I had to place my mom in an approved medicaid/medicare facility 4 months ago. Since she has been there I have had to address the lack of cleanliness of the bathroom, aides addressing her toileting needs. The nurses overall don't seem involved in the day to day care of the residents other than administering medicine whenever I go in the nurses are hovering over the medicine carts writing or counting pills. They don't even acknowledge when I walk in with a "hello" and let me know how things are going with my mom. Last Saturday when I arrived around 4 p.m. my mom was in the bed with her gown on, I asked the nurse why mom was still in bed and no one had an answer other than we just came on duty. They had no notes from previous shift to let them know why mom was still in bed or if she had been up at all that day. Last week when her blood pressure dropped very low, I was called and they told me what happen and that the doctor had been called and blood pressure had come back up. When I called back in an hour the nurse said the doctor said she probably had "orthostatic hypotension." When I got to the nursing home later that day I asked the nurse if mom's blood pressure had been checked in the last couple of hours. The nurse responded she did not have orders to check her blood pressure but if I wanted her to she would check it after mom ate dinner. I have sent numerous letters to the charge nurse and LPN in charge of aides concerning issues and they tell me they will follow up. Is this the norm in most facilities that accept medicaid/medicare? I can't bring mom back home with me because I am having health problems at this time. Do I need to look for another facility? My mom suffers from dementia and is wheel chair bound. Also, the room she is in has 2 other ladies and during most of the day I found they just push the residents in the hallway no activities and there is not a common room to visit. Has anyone else encountered a situation such as this and what did you do? Money is limited for us can't afford those private facilities that start at $5,000.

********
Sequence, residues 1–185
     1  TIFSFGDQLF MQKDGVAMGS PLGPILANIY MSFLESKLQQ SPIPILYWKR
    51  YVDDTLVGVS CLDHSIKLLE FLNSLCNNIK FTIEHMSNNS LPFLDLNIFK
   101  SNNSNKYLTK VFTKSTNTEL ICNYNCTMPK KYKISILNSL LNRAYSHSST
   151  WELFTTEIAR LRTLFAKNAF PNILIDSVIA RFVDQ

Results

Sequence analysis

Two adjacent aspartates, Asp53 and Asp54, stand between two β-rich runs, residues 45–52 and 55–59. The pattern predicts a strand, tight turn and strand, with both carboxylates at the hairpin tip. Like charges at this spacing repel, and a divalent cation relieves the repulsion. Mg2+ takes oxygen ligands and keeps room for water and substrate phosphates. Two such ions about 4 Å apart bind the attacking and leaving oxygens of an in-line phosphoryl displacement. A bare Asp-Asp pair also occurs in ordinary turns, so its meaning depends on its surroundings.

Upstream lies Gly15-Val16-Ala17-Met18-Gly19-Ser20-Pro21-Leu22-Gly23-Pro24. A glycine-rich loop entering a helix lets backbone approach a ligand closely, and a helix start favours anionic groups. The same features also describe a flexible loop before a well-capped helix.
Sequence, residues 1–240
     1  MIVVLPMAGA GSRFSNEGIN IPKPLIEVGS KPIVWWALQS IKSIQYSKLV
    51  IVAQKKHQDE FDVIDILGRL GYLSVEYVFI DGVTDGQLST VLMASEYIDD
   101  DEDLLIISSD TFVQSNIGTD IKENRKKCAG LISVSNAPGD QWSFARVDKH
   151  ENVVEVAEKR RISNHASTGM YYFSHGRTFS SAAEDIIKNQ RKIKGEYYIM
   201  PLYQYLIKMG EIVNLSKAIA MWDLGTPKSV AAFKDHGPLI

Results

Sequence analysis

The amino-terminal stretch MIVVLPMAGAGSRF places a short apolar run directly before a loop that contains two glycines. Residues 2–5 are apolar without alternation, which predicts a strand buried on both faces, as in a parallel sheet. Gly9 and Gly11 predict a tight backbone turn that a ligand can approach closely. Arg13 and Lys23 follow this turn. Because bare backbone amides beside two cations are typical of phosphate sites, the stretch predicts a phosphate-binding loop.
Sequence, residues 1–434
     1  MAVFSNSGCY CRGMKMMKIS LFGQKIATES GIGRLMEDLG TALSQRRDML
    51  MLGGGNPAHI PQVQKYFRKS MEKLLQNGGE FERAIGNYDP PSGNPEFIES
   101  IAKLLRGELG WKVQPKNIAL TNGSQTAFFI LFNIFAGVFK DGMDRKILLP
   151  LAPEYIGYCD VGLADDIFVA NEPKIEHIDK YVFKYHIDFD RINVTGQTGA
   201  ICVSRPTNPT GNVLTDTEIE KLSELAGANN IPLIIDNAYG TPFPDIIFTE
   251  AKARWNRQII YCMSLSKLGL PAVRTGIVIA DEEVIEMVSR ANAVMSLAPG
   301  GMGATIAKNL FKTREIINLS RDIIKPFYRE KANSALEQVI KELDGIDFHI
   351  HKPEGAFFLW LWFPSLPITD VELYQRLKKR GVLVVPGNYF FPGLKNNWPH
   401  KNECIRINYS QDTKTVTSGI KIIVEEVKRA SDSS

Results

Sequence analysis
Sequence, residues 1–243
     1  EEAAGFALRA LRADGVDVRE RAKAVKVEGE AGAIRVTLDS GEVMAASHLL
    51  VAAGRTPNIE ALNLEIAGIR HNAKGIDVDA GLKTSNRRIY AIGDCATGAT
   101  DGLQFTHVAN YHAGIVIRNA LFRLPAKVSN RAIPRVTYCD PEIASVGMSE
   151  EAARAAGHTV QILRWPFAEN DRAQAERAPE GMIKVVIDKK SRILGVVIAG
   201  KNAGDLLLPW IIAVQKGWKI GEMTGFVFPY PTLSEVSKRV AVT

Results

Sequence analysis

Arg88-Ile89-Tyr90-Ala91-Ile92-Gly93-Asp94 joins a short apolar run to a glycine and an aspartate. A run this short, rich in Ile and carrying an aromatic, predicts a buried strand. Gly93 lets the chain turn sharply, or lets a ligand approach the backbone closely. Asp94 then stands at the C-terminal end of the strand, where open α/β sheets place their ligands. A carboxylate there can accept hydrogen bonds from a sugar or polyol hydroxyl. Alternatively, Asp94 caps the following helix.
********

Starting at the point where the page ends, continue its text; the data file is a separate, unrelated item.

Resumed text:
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Both answers are good, and you really do want to make the nurses your mother's best friend. Praise them when they do something right. Thank them for each time they come to the room. Always say please. Address them by name.
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We found that the best source of information about "how the nursing home works" to be the director of Social Work; she has been invaluable in telling us who to contact about what issues. It's not a perfect system, but I would ask her about scheduled activities and who to contact about the bathroom being kept clean.

It can be difficult to contact the doctor; we have found that the APRN (or Nurse Practioner, it's called) in some places is "go to" person for medical information.

If I want an update on my mom's condition on a given day, I call the nursing station on the unit she's in. I know when the shift change is and when they have their AM staff meeting; they've told me that 9:30 to 9"45 is the best time to call to talk to Mom's nurse. I generally email the social worker or the rehab director with other issues.